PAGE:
Villa Rotunda | WOWOWA Architecture

Sited within Wurundjeri Woi Wurrung Country, Villa Rotunda takes its Italian namesake from Villa La Rotonda – a romantic architectural icon enmeshed with an Australianness thats both bastardised and humble – the WOWOWA way.
So, when the practice was asked to renovate a latticed Victorian era county cottage and former Romsey Schoolhouse, it seemed only fitting to lionise the treasured rotunda folly in Edinburgh Gardens of the same colonial lineage. This typology mash up invites and distorts the visual language of both rendering them decidedly Australian and not European. Our rotunda walls wouldn’t be painted stucco but rammed earth with ingredients from the local quarry and locally sourced internal timbers and materials. The creamy clay matches the original yellowy weatherboards with the trimmings of each structure establishing the internal colour pallet, that would embellish this tree change residence beautiful mints, greens &amp, rusts.

Wangaratta District Specialist School | Sibling Architecture

Wangaratta District Specialist School caters to students who have clinically diagnosed physical and intellectual disabilities. The new building provides spaces for students to develop skills that encourage independent living. Sensory design devices are employed including colour, tactility, and atmosphere. Such devices are an integral part of the pedagogical experience. These are manifested in several sensory considered spaces, spaces for quiet, spaces for wonder and spaces for respite. Classrooms are designed with intimate learning in mind, with each classroom having its own breakout space and outdoor zone. Colour is used throughout the design to create identity and familiarity for students. With each function of the school assigned a unique identity. The school provides students with space to build skills that encourage independent living, beyond the school years.

Six Ways House | Kennedy Nolan

North Fitzroy is a nineteenth century neighbourhood highly valued for it’s heritage fabric, making for an interesting and challenging context for a new house. This site has some idiosyncrasies – opposite the much–loved Tramways hotel, on a ‘five–ways’ roundabout and oriented east–west, it’s principal aspect facing south. This house replaces a 1980’s dwelling which had some nostalgic appeal but was poorly constructed, dark, inflexible and lacking connection to garden. The limitations of the old house largely defined a brief for its replacement – a thermally efficient, light filled dwelling with an emphasis on connection to landscape.

Mount Alexander College (MAC) | Kosloff Architecture

MAC is a new public vertical school located in the suburb of Flemington.

The school provides a highly student led curriculum focus, where each year’s subject offering, and class structure are co–designed with incoming cohorts. In response to this, the building employs adaptable floor plates free from load bearing walls, that enable the program within to continually evolve.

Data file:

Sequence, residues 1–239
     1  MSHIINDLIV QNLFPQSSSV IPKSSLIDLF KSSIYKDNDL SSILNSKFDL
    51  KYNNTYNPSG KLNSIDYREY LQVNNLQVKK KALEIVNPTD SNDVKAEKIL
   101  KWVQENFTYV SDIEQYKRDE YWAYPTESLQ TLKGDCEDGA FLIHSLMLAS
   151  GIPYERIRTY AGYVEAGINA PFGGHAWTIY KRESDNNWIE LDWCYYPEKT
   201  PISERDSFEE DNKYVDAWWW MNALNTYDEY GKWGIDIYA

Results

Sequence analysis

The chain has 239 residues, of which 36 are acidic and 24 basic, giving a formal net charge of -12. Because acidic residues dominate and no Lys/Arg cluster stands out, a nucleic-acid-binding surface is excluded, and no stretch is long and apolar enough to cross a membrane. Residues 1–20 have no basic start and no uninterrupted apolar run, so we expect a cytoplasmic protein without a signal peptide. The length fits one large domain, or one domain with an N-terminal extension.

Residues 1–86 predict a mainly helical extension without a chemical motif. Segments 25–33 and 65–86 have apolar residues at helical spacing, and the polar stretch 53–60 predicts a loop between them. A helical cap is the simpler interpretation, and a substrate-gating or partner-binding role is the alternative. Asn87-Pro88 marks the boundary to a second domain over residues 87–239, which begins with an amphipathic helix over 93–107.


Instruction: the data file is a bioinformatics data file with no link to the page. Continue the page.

A predominantly red brick suburban context, including a number of significant late 19th–century civic buildings has played a significant part in the materiality selection for the project. MAC embraces a masonry approach, one of permanency and low maintenance that is referential of 20th century predominantly red brick Public Works school buildings throughout Victoria.

The project aspires to emulate both the sophistication of tertiary institutions and the generosity of successful public buildings, and in doing so reflect the high ambitions of its teaching staff, students, and surrounding community.

Garden House | Zen Architects

The owners of Garden House in Mount Eagle Estate loved their property and garden, but the house lacked light and outdoor connections, and the centre was dark, wasted space. Having lived in the home for more than 20 years, they came to Zen Architects wanting a design that brought them closer to their garden.
While the 1930s heritage façade gives no hint to what lies behind, all is immediately revealed upon opening the front door. Taking inspiration from the curvilinear roads and teardrop–shaped reserves of the subdivision, we sculpted a curved glass facade into the living area. Drawing light and nature deep into the floor plan, the glass void brings the clients close to their garden from all living spaces, as the interior expands around it.

Fairlie Apartment | Kennedy Nolan

This apartment interior can be found in one of the most celebrated apartment buildings in Melbourne, Fairlie, by the venerable modernists Yuncken Freeman Bothers, Griffiths and Simpson. The brief was for a down–size apartment for a client transitioning from a large house and garden which came with a lifetime of carefully and intelligently collected art and furniture. Our first move was spatial, a desire to break down the cellular plan and introduce enfilades which would reveal the triple aspect of the floor–plate but also acknowledge the way an apartment can be inhabited as a variegated progression through a continuous space.

Connected House | Architects EAT

Few projects allow as much experimentation as an architect’s own home, Connected House is no exception. Fifteen years ago architect/client, Albert Mo and his family moved into a 1950’s mid–century home designed by Peter McIntyre. For more than a decade they ruminated on design philosophes that would become the driving force behind the extension. The conceptual framework for the project balanced the restoration of architectural heritage with a new approach to outdoor connections and a growing floor plan to accommodate teenage children. The resulting home is as much about garden as it is about building, the daily ritual of living interacts with nature at all levels – from the cantilevered lounge room in the canopy of a mature elm, to the dining table’s microcosm courtyard garden.

This form is now closed.